The ongoing developments of quantum computer by IBM, the quantum supremacy achieved by Google, the existence of quantum algorithm for factorization, and various other efforts in direction of realizing large-scale quantum computation resources collectively indicate an upcoming quantum threat for the state-of-art public key cryptography. Since around a decade various cryptographic primitives have been proposed to address this issue. This domain of post-quantum cryptography has now became one of the most crucial and attractive research areas in cryptography. This workshop aims to offer a platform to the participants looking forward for introduction and recent developments in post-quantum cryptography.
This workshop is supported by ‘Research exploratory project’ at IRT SystemX and organized as a part of a collaborative project with the University of Luxembourg and Telecom Sud Paris.
Title of talk: Lattice-Based Zero-Knowledge Proof
Speaker: Veronika Kuchta, Monash University, Australia.
Abstract: Zero-Knowledge proof is a significant tool in modern cryptography. It has the paradoxical property of proving knowledge of a secret without revealing the secret. Zero-Knowledge proofs find useful applications in blockchain and many cryptographic constructions. In this talk the main challenges of lattice-based zero-knowledge proofs and their latest developments will be discussed.
Title of talk: Assessing residual security of lattice-based cryptography
Speaker: Mélissa Rossi, ENS Paris, France
Abstract: This talk will present a framework for cryptanalysis of lattice-based schemes, when side information —in the form of « hints »— about the secret is available. This presentation outlines a joint work with Dana Dachman-Soled, Léo Ducas and Huijing Gong that was presented in CRYPTO 2020 (https://eprint.iacr.org/2020/292).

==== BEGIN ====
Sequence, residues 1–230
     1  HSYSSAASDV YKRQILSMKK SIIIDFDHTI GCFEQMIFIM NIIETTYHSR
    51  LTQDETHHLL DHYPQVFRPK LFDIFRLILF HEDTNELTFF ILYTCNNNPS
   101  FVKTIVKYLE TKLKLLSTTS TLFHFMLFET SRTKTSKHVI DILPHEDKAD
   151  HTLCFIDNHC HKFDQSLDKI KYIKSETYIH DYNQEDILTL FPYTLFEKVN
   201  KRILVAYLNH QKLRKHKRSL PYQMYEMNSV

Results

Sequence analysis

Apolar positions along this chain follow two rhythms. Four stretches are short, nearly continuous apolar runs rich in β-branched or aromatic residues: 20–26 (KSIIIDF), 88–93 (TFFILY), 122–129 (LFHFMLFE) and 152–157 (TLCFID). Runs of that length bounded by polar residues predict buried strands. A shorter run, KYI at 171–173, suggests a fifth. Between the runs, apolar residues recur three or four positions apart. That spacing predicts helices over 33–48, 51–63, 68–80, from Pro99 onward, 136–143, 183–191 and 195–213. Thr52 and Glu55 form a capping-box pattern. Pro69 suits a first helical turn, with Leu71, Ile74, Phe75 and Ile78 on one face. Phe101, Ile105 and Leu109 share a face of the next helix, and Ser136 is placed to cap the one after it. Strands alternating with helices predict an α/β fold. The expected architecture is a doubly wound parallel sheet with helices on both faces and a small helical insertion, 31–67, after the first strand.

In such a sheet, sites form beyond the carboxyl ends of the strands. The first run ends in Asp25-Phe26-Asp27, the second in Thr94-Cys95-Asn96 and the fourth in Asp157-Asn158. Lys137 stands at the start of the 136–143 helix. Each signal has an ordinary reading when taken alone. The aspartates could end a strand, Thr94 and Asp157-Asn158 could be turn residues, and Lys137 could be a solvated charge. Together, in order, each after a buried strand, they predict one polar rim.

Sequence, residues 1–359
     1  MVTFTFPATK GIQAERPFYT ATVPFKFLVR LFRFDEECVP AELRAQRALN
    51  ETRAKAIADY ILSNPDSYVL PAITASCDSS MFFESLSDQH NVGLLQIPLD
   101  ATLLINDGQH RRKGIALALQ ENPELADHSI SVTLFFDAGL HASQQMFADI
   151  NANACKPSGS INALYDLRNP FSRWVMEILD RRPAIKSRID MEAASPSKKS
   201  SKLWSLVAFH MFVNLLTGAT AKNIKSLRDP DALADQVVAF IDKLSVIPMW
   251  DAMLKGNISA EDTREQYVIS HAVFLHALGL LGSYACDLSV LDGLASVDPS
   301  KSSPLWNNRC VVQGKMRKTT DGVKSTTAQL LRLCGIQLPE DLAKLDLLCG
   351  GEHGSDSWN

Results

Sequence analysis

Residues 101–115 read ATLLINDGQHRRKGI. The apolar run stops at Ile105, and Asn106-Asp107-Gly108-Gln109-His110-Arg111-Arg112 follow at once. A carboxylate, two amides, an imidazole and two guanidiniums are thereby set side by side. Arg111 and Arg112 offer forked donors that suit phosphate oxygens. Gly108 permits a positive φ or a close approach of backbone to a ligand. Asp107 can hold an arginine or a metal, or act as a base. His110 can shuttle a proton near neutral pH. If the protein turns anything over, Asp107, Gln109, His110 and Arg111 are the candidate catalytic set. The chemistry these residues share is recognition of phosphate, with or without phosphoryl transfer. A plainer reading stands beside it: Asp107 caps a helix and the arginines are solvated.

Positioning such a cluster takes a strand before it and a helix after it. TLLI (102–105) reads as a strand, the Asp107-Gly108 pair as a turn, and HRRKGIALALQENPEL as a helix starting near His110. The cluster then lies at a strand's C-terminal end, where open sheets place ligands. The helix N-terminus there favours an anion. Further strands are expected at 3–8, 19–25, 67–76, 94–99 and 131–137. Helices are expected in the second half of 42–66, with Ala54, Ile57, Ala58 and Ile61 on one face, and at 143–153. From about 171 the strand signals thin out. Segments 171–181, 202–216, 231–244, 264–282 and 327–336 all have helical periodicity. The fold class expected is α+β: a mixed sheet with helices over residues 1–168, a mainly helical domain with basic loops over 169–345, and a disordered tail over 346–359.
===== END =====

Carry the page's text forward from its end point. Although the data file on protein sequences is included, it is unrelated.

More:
This framework generalizes the primal lattice reduction attack, and allows the progressive integration of hints before running a final lattice reduction step. The techniques for integrating hints include sparsifying the lattice, projecting onto and intersecting with hyperplanes, and/or altering the distribution of the secret vector. The main contribution is to propose a toolbox and a methodology to integrate such hints into lattice reduction attacks and to predict the performance of those lattice attacks with side information.
While initially designed for side-channel information, this framework can also be used in other cases. For example, one can simply exploit constraints imposed by certain schemes (LAC, Round5, NTRU). Besides, I will present a way to use this framework combined with decryption failures information using a joint work with Jan-Pieter D’Anvers and Fernando Virdia presented in EUROCRYPT 2020 (https://eprint.iacr.org/2019/1399).
Title of talk: Quantum and Post-Quantum Cryptography Complementarity
Speaker: Romain Alleaume Télécom Paris, France
Abstract: Quantum cryptography (QC) provides a practical way – based on physics – to solve the key establishment problem with information-theoretic security against a quantum attacker. We will present an overview of the recent progress related to the deployment of quantum cryptography to secure real-world networks and point at some challenges. We will then address the question of the relative positioning of QC and PQC. While often presented in competition, we will illustrate the benefits of combining physics and complexity-based approaches to strengthen information security.